Signed free-agent Dave Roberts for three years. Injuries slowed Roberts down early in the year … that'll happen when you stick 35-year-olds in centerfield … and while he hit better in the second half of the season, all of the games count, so Dave's overall contribution was poor. And he's signed for two more years.

Signed ex-Giant Rich Aurilia for two years. You understand these guys were all 35 years old? That's what I call a concerted effort. Aurilia, who'd had one good season in the last five, unsurprisingly made it one in six.

The Giants lost 91 games and finished in last place for the first time in more than a decade. I think you could say that concerted effort didn't quite work out.

I listed some available pitchers who might be useful roster-fillers … turned out the pitching wasn't that bad for the Giants in 2007, so I should have been listing hitters. Of the four I listed, two were crummy, one didn't play in the majors, the fourth won 12 games for the Cubs and will be playing October baseball. Not sure that's better than what Sabean did, so I don't have much room to talk.

Onwards. Next, they re-signed Pedro Feliz for $5 million. Pedro represents everything I hate about the Giants front office, in that he is a truly abysmal hitter, but Sabean doesn't seem to realize this. In Pedro's defense, and that word is properly chosen, his glove work was good enough to raise his overall contributions above the bottom, but he really can't hit.

After that, they signed an out-of-shape catcher in his 30s, Bengie Molina. What you think of Bengie's season depends on … well, it's too simple to say depends on whether or not you like him. On the plus side, he played in more games than he ever had in any previous seasons. His bat, while awful, was about average for a catcher, which is what matters. On the other hand, he allowed 16 passed balls … last year, the entire team only had 5 passed balls. Bengie, you see, has a hard time moving, which might have been OK for Ernie Lombardi, but Schnozz hit .306 lifetime and is in the Hall of Fame, while Bengie will never see .300 and won't see the Hall unless he buys a ticket. And he's signed for two more years, and the track record for catchers of his age isn't good.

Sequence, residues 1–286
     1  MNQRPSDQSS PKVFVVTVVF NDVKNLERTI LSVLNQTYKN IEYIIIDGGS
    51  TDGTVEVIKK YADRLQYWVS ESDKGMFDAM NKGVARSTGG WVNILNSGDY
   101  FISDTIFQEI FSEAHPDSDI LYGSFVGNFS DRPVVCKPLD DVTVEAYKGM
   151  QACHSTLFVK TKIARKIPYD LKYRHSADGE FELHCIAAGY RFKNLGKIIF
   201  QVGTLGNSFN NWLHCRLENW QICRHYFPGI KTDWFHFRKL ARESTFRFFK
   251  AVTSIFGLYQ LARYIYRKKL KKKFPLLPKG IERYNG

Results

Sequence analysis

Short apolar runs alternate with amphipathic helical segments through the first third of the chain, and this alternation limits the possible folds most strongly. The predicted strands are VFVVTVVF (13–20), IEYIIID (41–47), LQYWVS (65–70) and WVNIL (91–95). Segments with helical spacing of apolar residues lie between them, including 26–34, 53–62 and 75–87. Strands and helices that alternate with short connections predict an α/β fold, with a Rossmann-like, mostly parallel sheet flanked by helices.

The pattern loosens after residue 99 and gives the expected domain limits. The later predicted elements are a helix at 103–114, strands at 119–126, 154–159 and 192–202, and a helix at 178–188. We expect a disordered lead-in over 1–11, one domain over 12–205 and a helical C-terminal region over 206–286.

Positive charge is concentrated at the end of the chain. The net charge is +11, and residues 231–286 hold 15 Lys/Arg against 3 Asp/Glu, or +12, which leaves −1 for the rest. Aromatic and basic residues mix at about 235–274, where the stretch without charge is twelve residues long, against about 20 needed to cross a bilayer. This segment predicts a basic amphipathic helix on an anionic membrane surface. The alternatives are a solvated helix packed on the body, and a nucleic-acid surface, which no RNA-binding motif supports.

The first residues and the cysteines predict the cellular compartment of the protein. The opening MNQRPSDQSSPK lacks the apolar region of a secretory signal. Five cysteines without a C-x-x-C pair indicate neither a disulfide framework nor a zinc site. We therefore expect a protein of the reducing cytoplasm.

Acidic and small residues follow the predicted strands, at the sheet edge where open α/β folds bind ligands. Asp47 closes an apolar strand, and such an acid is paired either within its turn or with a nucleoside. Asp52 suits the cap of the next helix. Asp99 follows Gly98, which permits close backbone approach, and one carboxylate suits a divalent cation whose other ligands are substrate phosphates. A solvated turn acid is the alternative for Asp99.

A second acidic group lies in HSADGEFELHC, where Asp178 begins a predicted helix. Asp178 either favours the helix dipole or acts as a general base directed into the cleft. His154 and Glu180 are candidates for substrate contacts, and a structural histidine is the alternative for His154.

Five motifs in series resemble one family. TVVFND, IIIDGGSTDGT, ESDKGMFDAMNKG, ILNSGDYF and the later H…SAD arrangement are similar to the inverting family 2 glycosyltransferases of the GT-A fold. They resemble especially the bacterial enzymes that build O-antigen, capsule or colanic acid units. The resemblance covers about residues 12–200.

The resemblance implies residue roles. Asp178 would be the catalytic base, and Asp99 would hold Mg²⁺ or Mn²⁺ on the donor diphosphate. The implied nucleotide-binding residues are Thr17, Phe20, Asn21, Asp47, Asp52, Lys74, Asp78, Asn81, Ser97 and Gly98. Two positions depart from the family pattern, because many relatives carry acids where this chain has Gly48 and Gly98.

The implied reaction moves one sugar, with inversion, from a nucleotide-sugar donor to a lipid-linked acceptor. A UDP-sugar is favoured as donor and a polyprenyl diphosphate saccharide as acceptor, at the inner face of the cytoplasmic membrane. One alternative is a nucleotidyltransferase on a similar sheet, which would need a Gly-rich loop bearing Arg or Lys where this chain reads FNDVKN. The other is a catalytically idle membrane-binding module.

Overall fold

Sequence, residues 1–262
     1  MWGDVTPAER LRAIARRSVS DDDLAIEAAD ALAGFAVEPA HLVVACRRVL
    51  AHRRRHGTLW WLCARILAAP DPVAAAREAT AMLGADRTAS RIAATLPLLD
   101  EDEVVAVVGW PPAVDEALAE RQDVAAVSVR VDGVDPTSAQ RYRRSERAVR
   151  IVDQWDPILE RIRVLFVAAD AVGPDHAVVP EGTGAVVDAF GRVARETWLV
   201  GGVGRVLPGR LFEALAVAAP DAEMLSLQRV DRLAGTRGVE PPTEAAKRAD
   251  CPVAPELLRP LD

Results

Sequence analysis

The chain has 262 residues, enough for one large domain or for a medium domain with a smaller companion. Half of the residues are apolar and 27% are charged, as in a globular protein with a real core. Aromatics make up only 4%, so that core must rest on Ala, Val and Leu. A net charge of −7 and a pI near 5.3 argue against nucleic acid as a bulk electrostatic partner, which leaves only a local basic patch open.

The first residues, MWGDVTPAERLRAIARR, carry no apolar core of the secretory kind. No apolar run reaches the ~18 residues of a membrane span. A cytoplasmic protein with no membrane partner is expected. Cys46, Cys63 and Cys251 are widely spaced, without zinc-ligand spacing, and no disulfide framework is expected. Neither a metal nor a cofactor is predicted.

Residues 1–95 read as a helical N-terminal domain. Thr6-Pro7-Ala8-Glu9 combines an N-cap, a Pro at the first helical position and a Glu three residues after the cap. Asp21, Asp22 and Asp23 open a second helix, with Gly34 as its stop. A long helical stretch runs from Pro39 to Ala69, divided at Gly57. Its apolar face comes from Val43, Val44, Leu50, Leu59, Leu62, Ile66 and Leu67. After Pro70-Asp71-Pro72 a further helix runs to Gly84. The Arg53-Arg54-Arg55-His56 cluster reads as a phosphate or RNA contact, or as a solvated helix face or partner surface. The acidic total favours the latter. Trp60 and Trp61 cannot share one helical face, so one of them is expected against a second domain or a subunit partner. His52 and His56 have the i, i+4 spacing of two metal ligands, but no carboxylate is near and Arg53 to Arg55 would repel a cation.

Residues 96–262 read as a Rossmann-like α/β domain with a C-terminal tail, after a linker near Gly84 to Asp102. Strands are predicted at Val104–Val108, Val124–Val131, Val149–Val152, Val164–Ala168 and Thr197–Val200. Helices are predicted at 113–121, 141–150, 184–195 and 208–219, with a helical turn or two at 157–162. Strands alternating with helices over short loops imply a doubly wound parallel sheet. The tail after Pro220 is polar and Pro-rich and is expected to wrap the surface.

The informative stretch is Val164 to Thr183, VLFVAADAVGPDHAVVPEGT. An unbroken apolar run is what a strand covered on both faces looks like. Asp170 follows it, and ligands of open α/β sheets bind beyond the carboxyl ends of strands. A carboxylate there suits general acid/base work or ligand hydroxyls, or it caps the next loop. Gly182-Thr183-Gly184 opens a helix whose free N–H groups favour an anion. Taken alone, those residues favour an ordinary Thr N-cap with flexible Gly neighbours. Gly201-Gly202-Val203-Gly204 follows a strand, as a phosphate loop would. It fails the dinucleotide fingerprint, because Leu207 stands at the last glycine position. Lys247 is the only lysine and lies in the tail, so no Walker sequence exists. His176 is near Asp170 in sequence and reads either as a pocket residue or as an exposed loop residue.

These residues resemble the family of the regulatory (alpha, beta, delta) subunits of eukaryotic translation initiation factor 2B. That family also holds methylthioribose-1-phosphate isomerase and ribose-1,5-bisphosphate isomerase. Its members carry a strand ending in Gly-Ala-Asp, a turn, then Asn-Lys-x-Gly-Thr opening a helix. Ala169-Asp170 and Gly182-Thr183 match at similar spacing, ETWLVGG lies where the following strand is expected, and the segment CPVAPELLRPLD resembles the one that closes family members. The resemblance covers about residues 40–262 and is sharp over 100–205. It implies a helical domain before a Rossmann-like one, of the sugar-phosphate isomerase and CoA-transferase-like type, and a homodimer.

Finally, Sabean signed someone who wasn't 30 yet, pitcher Barry Zito. Zito was a Cy Young winner five years ago, and while he hadn't reached those heights since, he was a decent pitcher … not a bad guy to have in the middle of your rotation, although the fact he had led the league in walks in 2006 didn't bode well for the future. So Sabean was very happy to bring Zito to the Giants … for seven years and about $18 million a year. It was, in fact, the largest contract ever given to a pitcher. And a good pitcher, not a great one. Zito lost more games than he won in Year One of that contract, with an ERA a bit above league average, pitching home games in a pitcher's park.

And so, the 2007 season was, to the surprise of no one, a disaster. What was good about it? Well, the pitching, mostly. Matt Cain was terrific, Tim Lincecum made it to the majors, and we all drooled over a Cain/Lincecum duo for the next ten years. Some other pitchers were good (most of the bullpen), some were lucky (hello, Noah Lowry), some hated the fans as much as the fans hated them (hello, Armando, goodbye, Armando) … there was even a LOOGY who couldn't get out lefties.

Ah, but the offense. A couple of the young guys who finally got a chance to play once the season was lost didn't quite stink, and that's about it. Oh yeah, there was a man named Bonds. I'm tired of writing about him … I guess the terrorists have won, because I'm throwing my hands in the air on this one. I'm sure I never convinced any of the Barry Haters that they were donkeys, and I don't really like reading stuff like "I hope Al Qaeda bombs your ballpark so you commie queers can die with Bonds." Barry's chase for the HR record was the only thing outside of the young pitchers that was worth watching this year. So, of course, he'll be gone next year.

I might be encouraged that the team finally believes what they used to say about getting younger. But this is a team with so many problems it will take more than a year to fix them all. Simply put, there is not a single hitter on the Giants roster right now that can be safely penciled into one of the eight offensive slots in the lineup in the expectation that they will be above-average. That isn't to say none of those hitters will blossom … one will, maybe two … but ultimately, this isn't a team needing a fix-it man, this is a team needing a demolition expert. Consider:

The #1 catcher will be 33 next year, isn't much of a hitter now, and is too out-of-shape to play good defense. None of the minor-leagues will be ready in 2008. (I won't keep saying that … for the record, there are no true prospects in the Giants system ready to play in 2008, so the guys you saw in the second half of this season are what you've got in the short term.)